- Single Best Point of Entry – Having an entry point in one location may be the mantra of some “central source of the truth” providers. But a more logical definition is not only to have entry of data once, but it also to have it in the best point of entry. Therefore, a single piece of content may be in separate systems, but the key is to not re-enter content in multiple places (or systems). Integration of data between systems then becomes critical, along with the privileges of those attributes. DG provides the definitions of these points of entry, where they are and who will perform them – as well as any changes that need to happen as systems and data evolve.
Identifying what groups and people fall into the following categories creates clarity and accountability. This typically becomes a widely used document:
- Responsible – The person who is responsible for delivering the project/task.
- Accountable – The person who has ultimate accountability and authority. They are the ones to whom “R” is accountable.
- Supported – The person or team who are needed to do the “real work.”
- Consulted – Someone whose input adds value and/or whose buy-in is essential for implementation.
- Informed – The person or group who needs to be notified of results or actions, but are not needed for decision-making.
The development of a maturity model helps in identifying the priority factoring exercise, but more from a marketing implementation perspective. The “state of maturity” in a data management initiative may follow these descriptions:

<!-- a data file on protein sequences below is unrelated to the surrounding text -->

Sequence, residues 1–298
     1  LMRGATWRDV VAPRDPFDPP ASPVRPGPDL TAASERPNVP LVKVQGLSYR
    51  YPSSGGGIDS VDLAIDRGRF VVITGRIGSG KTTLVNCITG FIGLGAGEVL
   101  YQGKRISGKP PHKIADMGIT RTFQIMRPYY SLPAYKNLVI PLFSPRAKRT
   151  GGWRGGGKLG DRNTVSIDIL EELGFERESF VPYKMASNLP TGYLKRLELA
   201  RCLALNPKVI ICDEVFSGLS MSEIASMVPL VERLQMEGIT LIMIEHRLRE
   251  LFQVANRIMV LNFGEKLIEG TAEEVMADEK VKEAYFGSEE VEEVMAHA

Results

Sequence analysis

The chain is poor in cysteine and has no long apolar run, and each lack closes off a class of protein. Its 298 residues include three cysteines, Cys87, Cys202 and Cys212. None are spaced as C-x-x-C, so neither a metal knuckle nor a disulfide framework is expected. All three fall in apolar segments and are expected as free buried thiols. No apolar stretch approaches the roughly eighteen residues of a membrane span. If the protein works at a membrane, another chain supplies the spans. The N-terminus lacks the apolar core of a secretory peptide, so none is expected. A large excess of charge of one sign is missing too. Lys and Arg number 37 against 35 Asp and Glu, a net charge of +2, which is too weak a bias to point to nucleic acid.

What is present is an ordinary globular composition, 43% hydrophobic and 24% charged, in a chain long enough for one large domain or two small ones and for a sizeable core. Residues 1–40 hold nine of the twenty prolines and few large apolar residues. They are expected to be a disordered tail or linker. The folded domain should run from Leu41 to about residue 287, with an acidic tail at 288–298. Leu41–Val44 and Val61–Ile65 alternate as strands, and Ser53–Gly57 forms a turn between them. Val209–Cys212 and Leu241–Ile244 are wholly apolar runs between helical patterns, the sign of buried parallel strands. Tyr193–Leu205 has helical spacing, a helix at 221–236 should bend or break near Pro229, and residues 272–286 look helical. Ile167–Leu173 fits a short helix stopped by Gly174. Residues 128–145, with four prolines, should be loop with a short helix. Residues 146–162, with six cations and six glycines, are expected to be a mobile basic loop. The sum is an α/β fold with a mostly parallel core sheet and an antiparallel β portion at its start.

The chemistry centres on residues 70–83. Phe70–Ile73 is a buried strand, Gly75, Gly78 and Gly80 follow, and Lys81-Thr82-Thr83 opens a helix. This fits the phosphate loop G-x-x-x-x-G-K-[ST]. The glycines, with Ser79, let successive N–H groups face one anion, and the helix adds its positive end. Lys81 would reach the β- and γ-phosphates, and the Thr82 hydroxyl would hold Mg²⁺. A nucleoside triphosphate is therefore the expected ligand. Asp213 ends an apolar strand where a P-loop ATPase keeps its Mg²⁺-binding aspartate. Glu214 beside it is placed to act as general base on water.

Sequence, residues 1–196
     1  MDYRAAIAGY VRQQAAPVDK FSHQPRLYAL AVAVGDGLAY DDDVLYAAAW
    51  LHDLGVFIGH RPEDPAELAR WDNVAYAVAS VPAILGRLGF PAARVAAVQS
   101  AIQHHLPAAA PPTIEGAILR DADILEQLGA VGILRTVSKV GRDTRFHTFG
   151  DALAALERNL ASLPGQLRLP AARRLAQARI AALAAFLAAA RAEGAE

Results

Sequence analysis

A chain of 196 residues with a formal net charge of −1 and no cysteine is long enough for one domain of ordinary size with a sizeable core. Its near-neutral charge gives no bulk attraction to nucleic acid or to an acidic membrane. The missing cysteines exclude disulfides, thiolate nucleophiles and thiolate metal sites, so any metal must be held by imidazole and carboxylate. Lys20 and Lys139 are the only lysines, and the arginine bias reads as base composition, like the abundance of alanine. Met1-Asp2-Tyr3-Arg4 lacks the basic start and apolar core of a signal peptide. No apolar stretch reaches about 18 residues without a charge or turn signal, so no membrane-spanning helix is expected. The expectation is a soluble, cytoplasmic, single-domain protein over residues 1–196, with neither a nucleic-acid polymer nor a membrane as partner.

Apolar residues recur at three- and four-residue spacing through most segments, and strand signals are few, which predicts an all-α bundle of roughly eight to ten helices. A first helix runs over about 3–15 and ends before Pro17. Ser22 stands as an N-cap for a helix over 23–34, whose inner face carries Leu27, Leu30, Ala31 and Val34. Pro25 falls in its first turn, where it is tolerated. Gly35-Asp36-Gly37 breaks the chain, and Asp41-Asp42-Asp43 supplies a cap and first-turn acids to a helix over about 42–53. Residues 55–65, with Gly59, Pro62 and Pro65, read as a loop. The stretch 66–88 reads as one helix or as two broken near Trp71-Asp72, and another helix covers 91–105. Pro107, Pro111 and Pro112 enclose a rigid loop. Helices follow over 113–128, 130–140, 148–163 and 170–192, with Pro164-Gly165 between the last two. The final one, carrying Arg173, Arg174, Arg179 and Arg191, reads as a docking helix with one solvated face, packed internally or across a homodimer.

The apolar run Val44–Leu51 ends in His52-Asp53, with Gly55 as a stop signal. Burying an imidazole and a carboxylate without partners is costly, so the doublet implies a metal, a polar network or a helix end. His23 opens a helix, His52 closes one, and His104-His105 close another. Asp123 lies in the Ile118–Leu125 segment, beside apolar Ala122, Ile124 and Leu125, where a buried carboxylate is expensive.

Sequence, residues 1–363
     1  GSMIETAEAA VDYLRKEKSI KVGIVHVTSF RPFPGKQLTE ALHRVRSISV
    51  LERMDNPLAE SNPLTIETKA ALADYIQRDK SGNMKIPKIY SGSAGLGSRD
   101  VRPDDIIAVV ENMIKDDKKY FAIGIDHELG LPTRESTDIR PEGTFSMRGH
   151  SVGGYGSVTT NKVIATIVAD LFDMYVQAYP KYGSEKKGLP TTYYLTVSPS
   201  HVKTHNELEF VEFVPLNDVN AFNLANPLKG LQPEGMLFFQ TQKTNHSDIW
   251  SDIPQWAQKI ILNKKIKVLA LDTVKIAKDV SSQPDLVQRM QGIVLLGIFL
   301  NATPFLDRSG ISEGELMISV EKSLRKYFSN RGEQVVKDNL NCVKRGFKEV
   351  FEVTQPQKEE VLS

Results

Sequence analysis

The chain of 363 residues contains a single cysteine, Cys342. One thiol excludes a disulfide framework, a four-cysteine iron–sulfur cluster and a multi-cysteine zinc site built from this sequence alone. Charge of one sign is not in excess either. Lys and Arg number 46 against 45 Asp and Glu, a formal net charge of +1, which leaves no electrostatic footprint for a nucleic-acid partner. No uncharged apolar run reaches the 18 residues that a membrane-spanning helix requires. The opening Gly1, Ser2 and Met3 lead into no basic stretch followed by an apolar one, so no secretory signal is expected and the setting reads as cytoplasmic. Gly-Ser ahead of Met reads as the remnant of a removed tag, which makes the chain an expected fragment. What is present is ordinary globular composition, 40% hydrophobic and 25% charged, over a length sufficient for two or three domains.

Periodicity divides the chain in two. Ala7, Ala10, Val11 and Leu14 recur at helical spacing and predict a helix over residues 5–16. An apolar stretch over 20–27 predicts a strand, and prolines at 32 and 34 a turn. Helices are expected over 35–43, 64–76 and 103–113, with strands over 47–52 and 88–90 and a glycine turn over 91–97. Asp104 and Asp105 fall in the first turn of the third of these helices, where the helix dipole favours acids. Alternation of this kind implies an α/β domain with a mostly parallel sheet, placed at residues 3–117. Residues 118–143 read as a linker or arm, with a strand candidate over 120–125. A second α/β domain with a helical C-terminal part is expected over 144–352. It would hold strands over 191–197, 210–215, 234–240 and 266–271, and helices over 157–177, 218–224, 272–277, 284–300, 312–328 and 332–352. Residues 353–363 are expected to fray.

Stages to Define
- Product To Market – What is the maturity of getting products to market?
- Data Management – What is the maturity of managing data?
- Technology – What is the maturity of the technology being used?
- Content Enrichment – What is the maturity of how content is enriched?
- SEM – What is the maturity of search engine marketing?
- Marketing – What is the maturity of the marketing group around using data?
- Data Governance – What is the maturity of company around DG?
- No Strategy – redundancies, spreadsheets, outdated ERP, non-modified supplier data, no integration, no DG
- Promise – some workflows, initiative under way, landscape understanding, recognition of content needs, understanding of taxonomies, understanding of multichannel benefits, some work around workflows
- Development – some system synchronizations, demonstrations delivered, roadmap designed, content targeted but not centralized, SEO data entry roles developed, channel alignment planned, DG Charter in development
- Coordinated – triggered workflows, solution implemented but not optimized, roadmap defined but not implemented, data centralized but not implemented, tools in place but not implemented, coordinated marketing for some channels, DG team and charter in place